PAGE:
Morphological SD-OCT changes in each group after drug cessation is shown in Fig. 2. An interval change in SD-OCT appearance suggesting structural progression of toxicity was observed in 75 % Early, 71 % Obvious, and 100 % of Severe eyes. In the Early group, 50 % developed clear parafoveal EZ disruption after drug cessation with a median follow-up of 13 months (range 12–77 months; Fig. 5). Increased parafoveal EZ disruption was observed in 60 % of the Obvious and Severe eyes. Increased parafoveal RPE disruption was detected in 13 % Early eyes, 47 % Obvious eyes, and 60 % Severe eyes. There was no significant difference in the frequency or severity of temporal parafovea changes compared to the nasal parafovea. Foveally, the most common change seen on SD-OCT after drug cessation was progressive ONL thinning in 25 % Early, 35 % Obvious, and 40 % Severe eyes. Progressive foveal RPE disruption was not detected. The latest time point in which progression was observed was progressive parafoveal RPE atrophy continuing for 4 years after drug cessation (Fig. 6). Finally, a reduction in disruption or improvement in SD-OCT appearance was not observed.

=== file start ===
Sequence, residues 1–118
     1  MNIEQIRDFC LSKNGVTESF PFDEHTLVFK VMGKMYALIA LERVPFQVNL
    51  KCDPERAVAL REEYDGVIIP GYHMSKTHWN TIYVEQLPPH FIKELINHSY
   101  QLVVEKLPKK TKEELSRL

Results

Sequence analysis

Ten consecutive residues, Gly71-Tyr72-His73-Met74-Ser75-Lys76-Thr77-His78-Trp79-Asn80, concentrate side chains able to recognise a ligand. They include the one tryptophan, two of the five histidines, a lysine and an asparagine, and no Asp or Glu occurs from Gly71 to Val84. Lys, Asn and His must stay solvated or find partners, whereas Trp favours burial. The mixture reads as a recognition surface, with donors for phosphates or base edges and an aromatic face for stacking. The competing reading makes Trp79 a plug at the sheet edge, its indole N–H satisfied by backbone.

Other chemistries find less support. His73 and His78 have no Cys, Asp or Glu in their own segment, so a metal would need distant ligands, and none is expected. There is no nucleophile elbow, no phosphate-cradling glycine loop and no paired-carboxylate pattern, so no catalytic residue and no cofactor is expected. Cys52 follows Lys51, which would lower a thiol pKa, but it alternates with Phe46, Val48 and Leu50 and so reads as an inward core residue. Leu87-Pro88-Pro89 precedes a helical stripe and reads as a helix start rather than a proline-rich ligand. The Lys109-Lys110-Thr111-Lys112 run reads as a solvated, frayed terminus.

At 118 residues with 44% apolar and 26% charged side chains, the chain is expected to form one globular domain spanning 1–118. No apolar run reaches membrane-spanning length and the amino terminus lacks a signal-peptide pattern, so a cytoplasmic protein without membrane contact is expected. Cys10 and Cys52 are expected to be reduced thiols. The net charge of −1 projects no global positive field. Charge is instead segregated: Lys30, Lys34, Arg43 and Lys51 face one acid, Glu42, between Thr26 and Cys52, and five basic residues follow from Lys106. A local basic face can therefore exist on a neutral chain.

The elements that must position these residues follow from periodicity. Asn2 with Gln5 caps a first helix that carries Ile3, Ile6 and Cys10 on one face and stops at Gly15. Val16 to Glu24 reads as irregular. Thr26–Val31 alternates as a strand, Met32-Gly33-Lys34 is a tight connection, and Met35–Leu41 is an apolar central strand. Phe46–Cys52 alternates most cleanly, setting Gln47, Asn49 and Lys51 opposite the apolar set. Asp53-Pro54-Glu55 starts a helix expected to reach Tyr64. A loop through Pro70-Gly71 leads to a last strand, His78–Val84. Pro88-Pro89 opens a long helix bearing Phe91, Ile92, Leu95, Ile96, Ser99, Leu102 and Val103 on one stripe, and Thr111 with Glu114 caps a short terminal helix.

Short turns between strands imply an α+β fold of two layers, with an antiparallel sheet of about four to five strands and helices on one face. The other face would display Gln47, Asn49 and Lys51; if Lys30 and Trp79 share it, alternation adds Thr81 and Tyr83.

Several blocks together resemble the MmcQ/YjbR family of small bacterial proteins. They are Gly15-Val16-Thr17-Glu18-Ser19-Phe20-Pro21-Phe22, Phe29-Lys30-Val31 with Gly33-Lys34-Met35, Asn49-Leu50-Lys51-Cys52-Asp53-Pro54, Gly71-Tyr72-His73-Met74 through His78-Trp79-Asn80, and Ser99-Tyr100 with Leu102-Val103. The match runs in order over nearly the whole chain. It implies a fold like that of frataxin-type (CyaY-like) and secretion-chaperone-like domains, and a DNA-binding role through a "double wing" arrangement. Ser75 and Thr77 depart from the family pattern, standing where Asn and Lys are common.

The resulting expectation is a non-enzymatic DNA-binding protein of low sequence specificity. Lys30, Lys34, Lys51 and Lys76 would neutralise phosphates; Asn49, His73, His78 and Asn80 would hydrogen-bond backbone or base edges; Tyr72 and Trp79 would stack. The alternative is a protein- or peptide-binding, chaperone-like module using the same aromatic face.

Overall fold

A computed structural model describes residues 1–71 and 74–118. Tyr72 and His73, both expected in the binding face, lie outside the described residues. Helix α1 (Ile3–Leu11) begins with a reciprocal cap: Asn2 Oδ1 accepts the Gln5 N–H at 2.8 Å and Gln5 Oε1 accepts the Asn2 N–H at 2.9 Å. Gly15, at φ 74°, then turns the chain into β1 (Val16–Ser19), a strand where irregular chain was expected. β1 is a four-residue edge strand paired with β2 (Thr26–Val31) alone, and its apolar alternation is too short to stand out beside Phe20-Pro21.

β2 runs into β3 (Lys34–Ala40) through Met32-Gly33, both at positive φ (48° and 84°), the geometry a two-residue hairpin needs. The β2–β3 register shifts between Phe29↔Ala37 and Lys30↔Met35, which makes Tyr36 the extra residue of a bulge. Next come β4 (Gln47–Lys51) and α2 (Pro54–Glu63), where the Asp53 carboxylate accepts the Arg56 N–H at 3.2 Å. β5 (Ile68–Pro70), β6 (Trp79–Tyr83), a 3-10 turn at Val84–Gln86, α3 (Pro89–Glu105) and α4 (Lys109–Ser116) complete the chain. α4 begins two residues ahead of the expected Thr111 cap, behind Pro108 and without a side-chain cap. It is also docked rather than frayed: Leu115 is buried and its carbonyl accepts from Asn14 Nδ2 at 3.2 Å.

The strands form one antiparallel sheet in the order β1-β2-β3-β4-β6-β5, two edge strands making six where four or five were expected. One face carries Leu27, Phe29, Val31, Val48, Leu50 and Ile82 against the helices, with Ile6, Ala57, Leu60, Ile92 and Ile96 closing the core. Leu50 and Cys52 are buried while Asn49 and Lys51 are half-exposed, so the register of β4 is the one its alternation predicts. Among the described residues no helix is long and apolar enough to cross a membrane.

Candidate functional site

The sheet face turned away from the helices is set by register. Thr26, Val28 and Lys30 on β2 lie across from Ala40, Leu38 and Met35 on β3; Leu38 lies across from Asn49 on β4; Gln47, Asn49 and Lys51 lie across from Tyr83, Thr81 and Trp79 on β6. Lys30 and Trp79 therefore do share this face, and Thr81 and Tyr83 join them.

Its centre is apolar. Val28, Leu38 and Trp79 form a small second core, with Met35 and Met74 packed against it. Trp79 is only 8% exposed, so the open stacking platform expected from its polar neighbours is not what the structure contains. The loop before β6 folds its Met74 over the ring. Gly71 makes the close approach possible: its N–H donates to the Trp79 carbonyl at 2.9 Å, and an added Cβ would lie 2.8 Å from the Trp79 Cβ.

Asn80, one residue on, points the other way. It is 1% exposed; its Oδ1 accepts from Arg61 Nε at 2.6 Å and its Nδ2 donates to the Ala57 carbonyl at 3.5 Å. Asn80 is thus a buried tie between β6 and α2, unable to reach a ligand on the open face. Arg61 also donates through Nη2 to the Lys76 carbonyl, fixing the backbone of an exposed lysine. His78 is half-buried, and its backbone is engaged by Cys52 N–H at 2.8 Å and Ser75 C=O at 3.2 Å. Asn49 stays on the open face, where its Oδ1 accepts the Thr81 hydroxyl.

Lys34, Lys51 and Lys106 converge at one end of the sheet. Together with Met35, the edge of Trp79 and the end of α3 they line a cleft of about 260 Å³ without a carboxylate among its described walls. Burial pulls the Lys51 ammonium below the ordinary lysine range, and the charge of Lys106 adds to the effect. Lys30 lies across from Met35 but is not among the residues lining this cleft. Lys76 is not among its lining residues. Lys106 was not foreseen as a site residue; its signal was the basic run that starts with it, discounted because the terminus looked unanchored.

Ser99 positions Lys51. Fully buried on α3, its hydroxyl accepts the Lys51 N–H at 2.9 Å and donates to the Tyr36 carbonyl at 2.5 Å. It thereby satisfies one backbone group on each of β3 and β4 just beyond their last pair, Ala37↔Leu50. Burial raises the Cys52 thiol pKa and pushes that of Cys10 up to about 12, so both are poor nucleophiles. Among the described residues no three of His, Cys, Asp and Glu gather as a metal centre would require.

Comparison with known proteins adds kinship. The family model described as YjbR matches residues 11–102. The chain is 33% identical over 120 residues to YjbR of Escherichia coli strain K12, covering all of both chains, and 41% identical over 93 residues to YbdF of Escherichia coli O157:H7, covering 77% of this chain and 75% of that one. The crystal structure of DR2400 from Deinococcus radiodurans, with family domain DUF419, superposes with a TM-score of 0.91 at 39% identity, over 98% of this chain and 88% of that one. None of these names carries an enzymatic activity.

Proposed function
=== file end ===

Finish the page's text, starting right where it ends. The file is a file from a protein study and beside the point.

Macular thickness changes
Figure 7 illustrates the change between HCQ cessation and 12 months after cessation in each of the 9 ETDRS SD-OCT subfields. Decreases in central macular thicknesses were 3, 6, and 2 μm in the Early, Obvious, and Severe groups, respectively. The largest reduction in ETDRS map region thickness was 7 μm in the superior, nasal, and inferior outer rings of the Obvious group. When comparing thickness changes in the Obvious group to the Early group, a significant difference was found in the inferior outer ring (p = 0.002, 95 % CI −2 to −8 μm). No differences between the groups were found in the other subfields. When comparing different subfield thickness changes within an individual group, no differences were observed within the Early or Severe groups. However in the Obvious group, the nasal inner subfield showed more thinning than the temporal inner subfield (p = 0.018, 95 % CI −1 to −8 μm; Table 3).